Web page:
Record numbers of wind turbine applications are flooding into Scots councils at a rate of about eight a day. As a result, some local authorities are pleading for extra cash to bolster planning departments buckling under the strain of processing proposals from developers keen to cash in on public subsidies worth millions. Others are taking on temporary staff to cope with the burgeoning workload – at a time when schools and other vital public services are being hit with massive budget cuts. Ministers have been accused of ignoring calls for a moratorium on applications because of their 'obsession' with 'green' energy. Last night, Scottish Tory MSP Murdo Fraser, convener of Holyrood’s energy committee, called for an end to the 'madcap gold rush', which campaigners warn is also blighting some of Scotland’s most scenic landscapes. He said: 'Councils across Scotland are struggling to deal with a deluge of wind turbine planning applications as more and more people try to get on the subsidy gravy-train. "Some councils have even asked to be allowed to introduce a moratorium on new (wind farm) applications, only to be refused by the SNP.'
Anti-wind farm campaigners fear a new ‘forest’ of 1,000 turbines will soon blight the Borders landscape – thanks to the SNP’s ‘backroom bullying’ of the local council.
Campaigners claim official figures show wind farm developers have built or have planning permission for 403 turbines in the area.
An additional 418 are in the planning system and wind farm companies are looking at sites for a further 200.
The campaigners said ministers are pressuring Scottish Borders Council to allow more wind farms to be created, even where they risk reaching ‘saturation point’.
Scottish Government planning officials have asked the local authority to change a blueprint for the area’s future development after complaining of the ‘negative language’ about wind farms.
The council has also acceded to an SNP demand to drop proposals for ‘buffer zones’ around castles, abbeys, stately homes and gardens.
Mark Rowley, chairman of Cranshaws, Ellemford and Longformacus Community Council, compiled the statistics for the numbers of turbines.
He said: ‘I’m sure the many Borders residents who have made known their concerns about oppressive wind farm development will be shocked to discover that whilst they were openly engaging in the planning process, the Scottish Government was busy behind the scenes, bullying the council into consenting to more turbines.
‘Our residents are clear – they think enough is enough.’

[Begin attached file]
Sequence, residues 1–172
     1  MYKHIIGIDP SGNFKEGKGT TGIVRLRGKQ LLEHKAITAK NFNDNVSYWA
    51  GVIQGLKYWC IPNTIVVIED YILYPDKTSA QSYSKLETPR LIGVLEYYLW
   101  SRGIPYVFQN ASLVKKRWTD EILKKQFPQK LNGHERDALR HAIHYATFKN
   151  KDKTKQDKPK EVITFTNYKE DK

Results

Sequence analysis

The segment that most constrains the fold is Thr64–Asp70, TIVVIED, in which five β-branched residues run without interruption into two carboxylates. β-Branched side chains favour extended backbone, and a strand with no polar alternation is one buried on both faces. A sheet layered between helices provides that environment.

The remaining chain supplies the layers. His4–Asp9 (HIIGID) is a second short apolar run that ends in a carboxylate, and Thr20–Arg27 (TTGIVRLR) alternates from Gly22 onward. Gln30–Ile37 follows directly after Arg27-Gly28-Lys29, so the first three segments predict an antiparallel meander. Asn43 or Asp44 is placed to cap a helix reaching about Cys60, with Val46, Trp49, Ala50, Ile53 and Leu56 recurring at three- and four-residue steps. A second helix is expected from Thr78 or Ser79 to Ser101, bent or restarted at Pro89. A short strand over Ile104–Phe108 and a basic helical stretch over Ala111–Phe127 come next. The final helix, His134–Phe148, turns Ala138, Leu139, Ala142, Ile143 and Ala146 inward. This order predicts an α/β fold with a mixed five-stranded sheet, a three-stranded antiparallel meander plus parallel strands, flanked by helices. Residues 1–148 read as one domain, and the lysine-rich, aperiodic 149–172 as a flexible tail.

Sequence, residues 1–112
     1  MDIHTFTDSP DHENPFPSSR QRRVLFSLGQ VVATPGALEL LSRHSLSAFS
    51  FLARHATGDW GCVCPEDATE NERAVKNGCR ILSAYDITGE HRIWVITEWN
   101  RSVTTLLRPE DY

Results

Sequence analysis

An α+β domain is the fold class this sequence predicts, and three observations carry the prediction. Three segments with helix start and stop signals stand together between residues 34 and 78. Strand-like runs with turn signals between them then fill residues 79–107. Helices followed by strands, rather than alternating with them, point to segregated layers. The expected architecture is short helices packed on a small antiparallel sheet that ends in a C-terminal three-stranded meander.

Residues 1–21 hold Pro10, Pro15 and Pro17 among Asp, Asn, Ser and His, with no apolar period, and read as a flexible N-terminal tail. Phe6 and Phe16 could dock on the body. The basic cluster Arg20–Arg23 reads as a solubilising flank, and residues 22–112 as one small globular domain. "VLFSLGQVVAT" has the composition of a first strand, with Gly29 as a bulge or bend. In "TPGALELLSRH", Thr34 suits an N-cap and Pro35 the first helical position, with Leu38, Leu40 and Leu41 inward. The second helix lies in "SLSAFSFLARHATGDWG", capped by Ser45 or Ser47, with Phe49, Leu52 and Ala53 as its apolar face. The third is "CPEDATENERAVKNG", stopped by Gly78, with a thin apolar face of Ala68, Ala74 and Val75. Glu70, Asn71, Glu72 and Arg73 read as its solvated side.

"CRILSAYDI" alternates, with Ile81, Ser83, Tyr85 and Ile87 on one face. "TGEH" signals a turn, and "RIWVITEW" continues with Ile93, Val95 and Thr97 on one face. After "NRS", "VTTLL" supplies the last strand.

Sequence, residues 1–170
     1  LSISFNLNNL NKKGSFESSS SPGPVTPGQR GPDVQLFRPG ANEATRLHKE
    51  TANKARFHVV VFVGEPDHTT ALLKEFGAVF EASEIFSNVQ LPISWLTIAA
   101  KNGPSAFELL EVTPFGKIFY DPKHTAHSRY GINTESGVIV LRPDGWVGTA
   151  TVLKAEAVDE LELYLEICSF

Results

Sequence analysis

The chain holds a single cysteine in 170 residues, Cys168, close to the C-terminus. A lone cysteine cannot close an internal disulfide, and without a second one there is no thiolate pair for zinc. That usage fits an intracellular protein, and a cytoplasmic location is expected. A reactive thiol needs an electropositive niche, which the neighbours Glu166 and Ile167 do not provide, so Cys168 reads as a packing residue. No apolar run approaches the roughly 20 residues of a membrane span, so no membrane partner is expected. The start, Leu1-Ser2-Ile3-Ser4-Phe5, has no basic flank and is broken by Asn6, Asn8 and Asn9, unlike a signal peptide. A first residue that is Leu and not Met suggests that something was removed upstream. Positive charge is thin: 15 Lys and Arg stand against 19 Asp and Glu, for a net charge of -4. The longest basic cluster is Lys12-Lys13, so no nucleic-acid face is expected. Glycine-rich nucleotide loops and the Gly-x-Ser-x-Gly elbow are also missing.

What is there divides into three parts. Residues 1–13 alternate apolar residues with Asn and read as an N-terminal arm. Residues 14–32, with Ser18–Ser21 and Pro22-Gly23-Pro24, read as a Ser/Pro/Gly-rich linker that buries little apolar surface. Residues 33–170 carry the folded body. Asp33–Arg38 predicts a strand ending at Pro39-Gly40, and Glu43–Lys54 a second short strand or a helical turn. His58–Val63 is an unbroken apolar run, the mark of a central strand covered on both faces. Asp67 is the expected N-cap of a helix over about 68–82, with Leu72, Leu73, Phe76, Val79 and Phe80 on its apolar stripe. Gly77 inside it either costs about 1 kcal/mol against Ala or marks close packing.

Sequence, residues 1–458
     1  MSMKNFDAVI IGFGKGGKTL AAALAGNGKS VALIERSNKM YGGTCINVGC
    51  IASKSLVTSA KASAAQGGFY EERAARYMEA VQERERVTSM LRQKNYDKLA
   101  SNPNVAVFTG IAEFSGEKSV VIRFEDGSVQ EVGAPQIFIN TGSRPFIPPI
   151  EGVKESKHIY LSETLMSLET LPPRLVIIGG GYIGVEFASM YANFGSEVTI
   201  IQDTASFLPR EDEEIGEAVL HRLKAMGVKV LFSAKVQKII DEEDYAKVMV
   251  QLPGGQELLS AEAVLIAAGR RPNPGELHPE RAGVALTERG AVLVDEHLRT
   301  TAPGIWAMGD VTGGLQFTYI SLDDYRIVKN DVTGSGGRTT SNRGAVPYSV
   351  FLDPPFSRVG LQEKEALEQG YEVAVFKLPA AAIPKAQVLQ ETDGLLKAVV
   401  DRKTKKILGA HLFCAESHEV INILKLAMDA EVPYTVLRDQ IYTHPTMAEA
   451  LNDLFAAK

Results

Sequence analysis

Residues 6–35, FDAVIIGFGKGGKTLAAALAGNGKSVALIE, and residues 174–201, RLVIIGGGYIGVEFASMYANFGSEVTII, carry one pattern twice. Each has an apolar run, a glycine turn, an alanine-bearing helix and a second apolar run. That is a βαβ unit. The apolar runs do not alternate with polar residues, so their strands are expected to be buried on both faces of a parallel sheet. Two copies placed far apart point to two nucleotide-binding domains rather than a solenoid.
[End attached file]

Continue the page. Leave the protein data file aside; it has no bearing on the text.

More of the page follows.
Ettrick, Roxburgh and Berwickshire Tory MSP John Lamont said: ‘This correspondence from the Scottish Government shows how ruthless they are in pursuing their wind farm agenda.
‘It is reasonable to suggest our countryside is at saturation point when it comes to these turbines. It also makes sense to suggest that they should not be sited near historical sites.
‘It’s time they spent less time encouraging these developments and more time listening to residents.’
Ray Porter, an anti-turbine campaigner from Coldingham, Berwickshire, said: ‘This undue pressure has to stop. The council is being bullied.
‘The Scottish Government puts pressure on the council and undermines it at the appeal process. This week, five SNP members on the planning committee acted together without political impartiality to support one planning application – against the professional advice of the planning officer.
‘This is not about being for or against wind power. For the Scottish Government to claim Scottish Borders Council is not pro-wind is disingenuous.’
Brian Frater, head of planning and regulatory services at Scottish Borders Council, said: ‘The council recently produced a main issues report, one of the first steps in producing a new local development plan for the Borders.
‘One of the main questions raised in the report was what future direction wind energy policy should take.
‘Scottish Government officials responded, expressing concern about what they perceived as an unduly negative attitude.’
A Scottish Government spokesman said it was a ‘legal requirement’ for councils to consult it on emerging development plans and that it provides comments when this occurs.
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